Example: Across all industries, the average experience modifier is 1.0, but because of accidents, your business is assigned by your insurer an experience modification rate of 1.3, okay? That would suggest that your workers’ comp insurance premiums may be as high as 30% above the premiums of your direct competitors. The additional expense of your workers comp insurance premium may be absorbed, which would lower your profit, or passed directly onto your customers as increases in the price for goods or services. Either way, the cost is real, it is there, and it makes your business less competitive than its peers, jeopardizing the long-term viability of your operation. 

Yet, the opposite is also true; with effort and attention to incident prevention, businesses may drop premiums below 1.0, securing a competitive edge in comparison to industry peers.

What to Watch Out For...

Claims That Won’t Leave the Books

It is critical that you have an advocate working to close claims as expediently as possible, because having open claims when it comes time for your provider to recalculate your experience modifier may result in a substantial premium increase associated with a high modifier. Work to get claims closed before as quickly as you can to control your experience modifier. It is fair to ask insurers how long you can expect a claim to stay; insurers can provide you with estimates based on experience with injury types. That helps you know what to expect and what to look for, and trigger action when specific claim resolution has not met the given expectation.

High Claim Reserve Levels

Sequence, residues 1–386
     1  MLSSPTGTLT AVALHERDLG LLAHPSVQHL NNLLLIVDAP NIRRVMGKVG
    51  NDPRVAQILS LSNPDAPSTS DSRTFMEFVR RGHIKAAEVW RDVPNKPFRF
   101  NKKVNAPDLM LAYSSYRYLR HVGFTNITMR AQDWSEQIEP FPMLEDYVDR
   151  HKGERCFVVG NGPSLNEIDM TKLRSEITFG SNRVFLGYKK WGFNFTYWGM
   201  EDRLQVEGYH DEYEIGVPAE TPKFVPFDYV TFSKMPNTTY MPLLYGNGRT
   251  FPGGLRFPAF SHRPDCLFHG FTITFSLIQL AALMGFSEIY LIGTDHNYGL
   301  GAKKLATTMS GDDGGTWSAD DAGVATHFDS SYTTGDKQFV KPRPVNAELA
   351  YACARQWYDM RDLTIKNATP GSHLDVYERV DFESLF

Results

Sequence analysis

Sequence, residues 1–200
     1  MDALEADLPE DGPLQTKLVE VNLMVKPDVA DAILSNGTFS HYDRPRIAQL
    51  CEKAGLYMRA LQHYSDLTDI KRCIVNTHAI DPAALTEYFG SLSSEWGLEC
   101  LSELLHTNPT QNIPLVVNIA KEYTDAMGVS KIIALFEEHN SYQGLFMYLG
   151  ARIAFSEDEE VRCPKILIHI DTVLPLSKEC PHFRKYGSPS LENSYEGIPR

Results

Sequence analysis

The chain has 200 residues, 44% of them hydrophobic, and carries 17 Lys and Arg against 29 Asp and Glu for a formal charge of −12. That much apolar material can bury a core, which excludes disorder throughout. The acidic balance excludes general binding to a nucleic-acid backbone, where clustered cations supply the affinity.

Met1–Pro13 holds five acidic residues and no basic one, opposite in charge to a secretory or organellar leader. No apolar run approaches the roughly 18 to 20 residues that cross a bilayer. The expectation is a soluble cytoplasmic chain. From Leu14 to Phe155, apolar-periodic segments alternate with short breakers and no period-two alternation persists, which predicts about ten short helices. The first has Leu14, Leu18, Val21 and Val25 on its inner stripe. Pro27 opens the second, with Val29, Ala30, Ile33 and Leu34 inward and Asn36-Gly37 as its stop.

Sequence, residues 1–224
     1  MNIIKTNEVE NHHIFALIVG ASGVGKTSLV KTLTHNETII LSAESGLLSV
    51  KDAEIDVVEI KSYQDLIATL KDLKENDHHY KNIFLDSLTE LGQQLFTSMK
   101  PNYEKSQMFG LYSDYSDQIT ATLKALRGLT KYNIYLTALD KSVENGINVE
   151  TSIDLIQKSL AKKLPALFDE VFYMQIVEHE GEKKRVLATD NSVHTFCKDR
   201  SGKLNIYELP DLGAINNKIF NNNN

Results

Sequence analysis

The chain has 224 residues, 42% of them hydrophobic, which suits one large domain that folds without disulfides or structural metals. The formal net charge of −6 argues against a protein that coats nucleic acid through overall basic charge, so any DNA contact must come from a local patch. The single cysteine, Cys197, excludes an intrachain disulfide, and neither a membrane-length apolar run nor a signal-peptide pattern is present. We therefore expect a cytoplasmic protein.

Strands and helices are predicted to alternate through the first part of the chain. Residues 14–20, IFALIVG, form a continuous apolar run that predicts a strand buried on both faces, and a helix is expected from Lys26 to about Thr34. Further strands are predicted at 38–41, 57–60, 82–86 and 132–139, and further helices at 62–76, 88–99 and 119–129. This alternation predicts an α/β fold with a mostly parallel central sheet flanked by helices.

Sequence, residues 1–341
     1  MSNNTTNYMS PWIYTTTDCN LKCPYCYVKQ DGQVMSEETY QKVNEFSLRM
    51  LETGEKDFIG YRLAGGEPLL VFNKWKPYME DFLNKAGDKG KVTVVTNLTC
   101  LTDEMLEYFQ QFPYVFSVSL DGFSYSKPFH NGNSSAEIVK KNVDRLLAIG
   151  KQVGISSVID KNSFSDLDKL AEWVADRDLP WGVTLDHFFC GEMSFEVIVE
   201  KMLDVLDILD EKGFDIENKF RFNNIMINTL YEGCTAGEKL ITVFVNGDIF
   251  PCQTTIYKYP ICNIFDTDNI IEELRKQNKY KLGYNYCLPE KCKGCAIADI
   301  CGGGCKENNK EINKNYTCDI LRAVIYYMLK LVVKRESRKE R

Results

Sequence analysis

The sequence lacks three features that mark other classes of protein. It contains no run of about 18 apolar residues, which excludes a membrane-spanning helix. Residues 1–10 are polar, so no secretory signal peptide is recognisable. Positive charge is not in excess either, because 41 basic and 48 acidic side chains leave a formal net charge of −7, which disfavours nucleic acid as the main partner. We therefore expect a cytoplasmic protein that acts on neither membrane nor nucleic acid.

Your insurance premium is designed to cover losses associated with payment of workers comp claims. In the event of an injury claim, your insurer may set what’s known as a ‘reserve’. That’s the highest total dollar amount your insurer anticipates any particular claim to cost them. In other words, it is a forecast, and it is important because claims are seldom reconciled for the full reserve amount. If reserves are not adjusted to reflect progress on claims, they can have a negative impact on your experience modifier by establishing a higher-than-actual-cost for the claims. It’s the right of employers to request a review of reserves with insurers, perhaps quarterly. This is a recommended best practice for protecting your EM.

Facts in Dispute

When working with any workers comp provider, it is critical to put your business in a position of leverage in the event that substantial differences in data create a problem. This requires detailed recordkeeping, diligent relationship building with both injured workers and claims managers, regular communication, and sound, internal program auditing. Two things to consider here: (1) fraud is real and it happens, and (2) people make mistakes. That’s why when facts are in dispute or the numbers seem off, you can stand up for yourself with accurate contrasting facts and figures, and make a case for resolution in your favor. Employers may consider inviting insurance carriers to educate them on fraud identification, and how insurers plan to protect employers from this risk.